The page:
FDA Approves 'Pooled Samples' to Speed COVID-19 Testing

lab technician analyzing samples


Thomas Tolstrup / Getty Images

Key Takeaways

  • Quest Diagnostics is the first to receive FDA approval to use pooled sampling to test for COVID-19.
  • Pooling allows for multiple people to be tested at once, reducing the amount of time required to test large numbers of samples.
  • Pooled sampling utilizes fewer resources, which means using fewer testing supplies.

Last month, the Food and Drug Administration (FDA) allowed for one existing COVID-19 diagnostic test to be used with pooled samples, meaning it is now approved to analyze more than one person's respiratory swab sample at once. The goal is to make testing more efficient.

Specifically, the FDA granted emergency use authorization (EUA) to Quest Diagnostics for its SARS-CoV-2 rRT-PCR test, allowing the lab to test up to four samples at once. The pooled samples must be collected in a healthcare setting, as opposed to at home.

What Is Pooled Sample Testing?

Pooled sample testing combines samples from multiple people and tests them as a group. Sample pooling allows for testing of more people while utilizing fewer testing resources.

Pooling is not a new technique. Pooling, also known as batching, has been used to screen blood donations for HIV or hepatitis. It was introduced by Harvard professor Robert Dorfman during World War II to test for syphilis in soldiers.

The FDA approved Quest Diagnostics to test up to four individuals at once. Rather than running each person's nasopharyngeal or oropharyngeal swab sample alone, pooled samples are combined and then tested in a batch.

  • A negative result means no further testing for that batch of people. 
  • A positive result means that at least one individual may be infected.
  • If there is a positive result, each sample is tested again individually.

“Sample pooling is an important step forward in getting more COVID-19 tests to more Americans more quickly while preserving testing supplies,” FDA Commissioner Stephen M. Hahn, MD, said in a press release. “Sample pooling becomes especially important as infection rates decline and we begin testing larger portions of the population.”

During an online conference with the American Society for Microbiology in June, White House coronavirus response coordinator Deborah Birx, MD, specified how drastically pooling could increase testing.

"Pooling would give us the capacity to go from a half a million tests a day to potentially 5 million individuals tested per day by those poolings," Birx said.

Concerns About Sample Pooling

Not all experts are on board with this technique when it comes to testing for COVID-19.

"I don't agree with the concept of the sampling pool—I don't think it's an effective way to test," Major Tonita Smith, MSN, RN, a Chief U.S. Army public health nurse, tells Verywell. "From the research, this method is most useful in areas that have test shortages and low rates of positive cases. I believe testing all close contacts, regardless of symptoms, is most effective in reducing the transmission. Even if there are close contacts and only one comes back positive, we've still identified a positive person and therefore, can test their close contacts."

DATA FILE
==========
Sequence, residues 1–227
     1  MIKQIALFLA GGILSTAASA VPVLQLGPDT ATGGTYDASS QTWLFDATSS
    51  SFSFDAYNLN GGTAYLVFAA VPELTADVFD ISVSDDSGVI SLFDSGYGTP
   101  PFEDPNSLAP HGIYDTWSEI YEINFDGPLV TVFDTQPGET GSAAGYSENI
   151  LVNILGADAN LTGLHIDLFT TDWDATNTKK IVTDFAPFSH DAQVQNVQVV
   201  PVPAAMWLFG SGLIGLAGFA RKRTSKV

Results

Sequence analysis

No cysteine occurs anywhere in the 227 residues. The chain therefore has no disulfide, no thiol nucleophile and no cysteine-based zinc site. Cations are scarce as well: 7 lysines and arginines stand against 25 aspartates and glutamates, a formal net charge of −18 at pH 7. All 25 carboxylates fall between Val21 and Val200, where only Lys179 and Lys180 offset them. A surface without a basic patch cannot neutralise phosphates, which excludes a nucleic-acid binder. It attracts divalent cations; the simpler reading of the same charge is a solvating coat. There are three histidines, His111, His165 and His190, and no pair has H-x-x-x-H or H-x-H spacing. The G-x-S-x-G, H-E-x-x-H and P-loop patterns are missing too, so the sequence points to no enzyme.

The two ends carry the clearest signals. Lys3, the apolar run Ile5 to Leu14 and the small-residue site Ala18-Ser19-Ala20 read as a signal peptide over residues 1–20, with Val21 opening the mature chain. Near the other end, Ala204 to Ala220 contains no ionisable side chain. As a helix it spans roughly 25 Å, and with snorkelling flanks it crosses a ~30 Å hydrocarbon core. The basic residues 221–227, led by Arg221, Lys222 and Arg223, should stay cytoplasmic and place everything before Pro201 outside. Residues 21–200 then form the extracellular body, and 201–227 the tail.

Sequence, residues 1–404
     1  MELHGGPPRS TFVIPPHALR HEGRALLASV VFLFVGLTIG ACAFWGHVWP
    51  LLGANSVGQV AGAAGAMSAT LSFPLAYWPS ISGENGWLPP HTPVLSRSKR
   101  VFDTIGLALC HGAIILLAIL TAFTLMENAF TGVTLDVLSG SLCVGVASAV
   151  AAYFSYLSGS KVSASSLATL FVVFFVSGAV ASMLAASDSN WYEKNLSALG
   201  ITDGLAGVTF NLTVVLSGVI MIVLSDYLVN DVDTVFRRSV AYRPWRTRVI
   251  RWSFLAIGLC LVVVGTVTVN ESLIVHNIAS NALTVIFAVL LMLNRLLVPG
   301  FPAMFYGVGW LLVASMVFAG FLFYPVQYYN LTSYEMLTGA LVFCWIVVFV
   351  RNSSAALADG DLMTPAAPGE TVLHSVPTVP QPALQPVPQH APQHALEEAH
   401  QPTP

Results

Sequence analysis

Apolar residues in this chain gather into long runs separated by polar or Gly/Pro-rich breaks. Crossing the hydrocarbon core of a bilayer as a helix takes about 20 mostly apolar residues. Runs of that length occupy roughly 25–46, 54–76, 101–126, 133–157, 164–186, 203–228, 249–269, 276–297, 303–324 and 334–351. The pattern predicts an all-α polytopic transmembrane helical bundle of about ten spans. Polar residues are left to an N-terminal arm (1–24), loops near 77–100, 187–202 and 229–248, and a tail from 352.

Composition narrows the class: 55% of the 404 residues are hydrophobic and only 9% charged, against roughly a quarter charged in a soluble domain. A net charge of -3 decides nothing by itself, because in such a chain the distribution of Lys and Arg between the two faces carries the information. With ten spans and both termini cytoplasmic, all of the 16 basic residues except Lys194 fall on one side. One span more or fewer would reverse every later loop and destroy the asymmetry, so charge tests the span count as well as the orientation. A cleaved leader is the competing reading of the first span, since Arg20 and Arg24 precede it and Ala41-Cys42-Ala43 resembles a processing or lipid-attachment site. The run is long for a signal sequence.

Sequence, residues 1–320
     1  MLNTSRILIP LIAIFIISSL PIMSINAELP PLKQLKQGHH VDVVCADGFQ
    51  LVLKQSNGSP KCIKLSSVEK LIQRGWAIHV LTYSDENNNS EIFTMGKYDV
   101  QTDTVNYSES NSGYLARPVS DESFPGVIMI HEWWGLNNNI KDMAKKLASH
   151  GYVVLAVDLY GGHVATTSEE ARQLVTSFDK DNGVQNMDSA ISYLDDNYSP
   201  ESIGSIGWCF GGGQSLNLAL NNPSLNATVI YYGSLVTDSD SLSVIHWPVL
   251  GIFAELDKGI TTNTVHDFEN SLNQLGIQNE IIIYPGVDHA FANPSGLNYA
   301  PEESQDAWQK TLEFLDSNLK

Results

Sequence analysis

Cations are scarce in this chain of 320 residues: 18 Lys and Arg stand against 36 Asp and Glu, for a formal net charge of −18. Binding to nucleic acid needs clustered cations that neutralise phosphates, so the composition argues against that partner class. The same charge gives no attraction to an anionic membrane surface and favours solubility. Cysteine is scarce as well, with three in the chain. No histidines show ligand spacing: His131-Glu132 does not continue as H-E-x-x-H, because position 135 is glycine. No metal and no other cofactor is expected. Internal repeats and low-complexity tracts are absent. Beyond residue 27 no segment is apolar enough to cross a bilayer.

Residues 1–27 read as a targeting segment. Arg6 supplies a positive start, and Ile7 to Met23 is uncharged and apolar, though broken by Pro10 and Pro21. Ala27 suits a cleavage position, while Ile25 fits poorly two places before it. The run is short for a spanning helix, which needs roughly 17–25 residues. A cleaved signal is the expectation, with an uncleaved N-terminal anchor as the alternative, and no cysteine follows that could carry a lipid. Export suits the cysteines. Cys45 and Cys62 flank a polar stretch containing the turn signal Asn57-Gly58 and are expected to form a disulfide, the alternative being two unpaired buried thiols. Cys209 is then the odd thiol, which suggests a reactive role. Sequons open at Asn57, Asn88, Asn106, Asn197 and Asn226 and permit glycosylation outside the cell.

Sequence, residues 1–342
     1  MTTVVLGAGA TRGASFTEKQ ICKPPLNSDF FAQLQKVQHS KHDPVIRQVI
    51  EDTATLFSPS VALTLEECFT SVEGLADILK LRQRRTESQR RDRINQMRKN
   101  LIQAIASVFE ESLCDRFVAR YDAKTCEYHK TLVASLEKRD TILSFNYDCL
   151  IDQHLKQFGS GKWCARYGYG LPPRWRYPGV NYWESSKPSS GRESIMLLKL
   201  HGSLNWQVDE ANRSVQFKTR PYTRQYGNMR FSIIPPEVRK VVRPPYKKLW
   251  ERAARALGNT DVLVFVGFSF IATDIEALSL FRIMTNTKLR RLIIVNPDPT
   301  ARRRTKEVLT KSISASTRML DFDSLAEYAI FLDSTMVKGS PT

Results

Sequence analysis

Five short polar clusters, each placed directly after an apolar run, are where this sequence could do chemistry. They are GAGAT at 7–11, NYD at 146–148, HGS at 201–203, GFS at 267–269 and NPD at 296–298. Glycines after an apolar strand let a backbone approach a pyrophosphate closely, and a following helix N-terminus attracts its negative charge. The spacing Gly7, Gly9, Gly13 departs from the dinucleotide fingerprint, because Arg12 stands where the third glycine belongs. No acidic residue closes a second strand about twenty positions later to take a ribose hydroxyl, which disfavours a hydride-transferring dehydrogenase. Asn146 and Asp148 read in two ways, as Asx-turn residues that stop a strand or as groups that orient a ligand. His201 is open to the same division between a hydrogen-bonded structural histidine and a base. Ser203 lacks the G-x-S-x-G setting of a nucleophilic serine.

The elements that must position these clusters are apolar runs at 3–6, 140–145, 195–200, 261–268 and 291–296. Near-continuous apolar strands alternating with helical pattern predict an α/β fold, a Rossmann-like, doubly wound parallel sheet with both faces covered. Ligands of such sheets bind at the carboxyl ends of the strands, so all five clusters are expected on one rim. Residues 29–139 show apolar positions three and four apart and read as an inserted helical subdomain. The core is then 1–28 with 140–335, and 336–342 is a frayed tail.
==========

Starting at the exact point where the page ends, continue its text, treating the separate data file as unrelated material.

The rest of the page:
Pooling is most efficient in areas with low COVID-19 risk where results are expected to be negative. It would not be beneficial to use sample pooling in high-risk areas, such as nursing homes or states with high rates of COVID-19.

Another concern with sample pooling is that combining samples from too many people can cause a false negative. This happens when the uninfected samples dilute an infected sample.

"There is a concern that combining samples may make it more difficult to detect positives since pooling in the laboratory dilutes any viral material present in the samples," the FDA says. However, validation data from Quest Diagnostics showed the test correctly identified pooled samples containing positive specimens.

Why Sample Pooling Can Be Useful

The U.S. continues to face challenges when it comes to COVID-19 testing, from a lack of sufficient test sites to a shortage of swabs, reagents, and testing machines. Pooling allows labs to test more samples with fewer testing materials.

According to the Center for Disease Control (CDC), pooled sample testing could be useful in group scenarios like returning employees to a workplace. 

What This Means For You

By saving and extending resources, pooled sample testing could become a vital tool for schools and workplaces to monitor people's health. But keep in mind a negative result from pooled testing should not be considered definitive. If you receive a negative result but are experiencing COVID-19 symptoms, Quest Diagnostics says you should consider individual testing.

The information in this article is current as of the date listed, which means newer information may be available when you read this. For the most recent updates on COVID-19, visit our coronavirus news page.

4 Sources
Verywell Health uses only high-quality sources, including peer-reviewed studies, to support the facts within our articles. Read our editorial process to learn more about how we fact-check and keep our content accurate, reliable, and trustworthy.
  1. Food and Drug Administration. Quest Diagnostics SARS-CoV-2 Real-Time RT-PCR Test - EUA summary.

  2. Dorfman R. The detection of defective members of large populations. Annals of Mathematical Statistics. 1943;14:436–440. doi:10.1214/aoms/1177731363

  3. U.S. Food & Drug Administration. Coronavirus (COVID-19) update: FDA issues first emergency authorization for sample pooling in diagnostic testing.

  4. Centers for Disease Control and Prevention. Interim guidance for use of pooling procedures in SARS-CoV-2 diagnostic, screening, and surveillance testing.

By Portia Wofford
Portia is an award-winning nurse and writer. She creates engaging content for health related brands that connect with readers.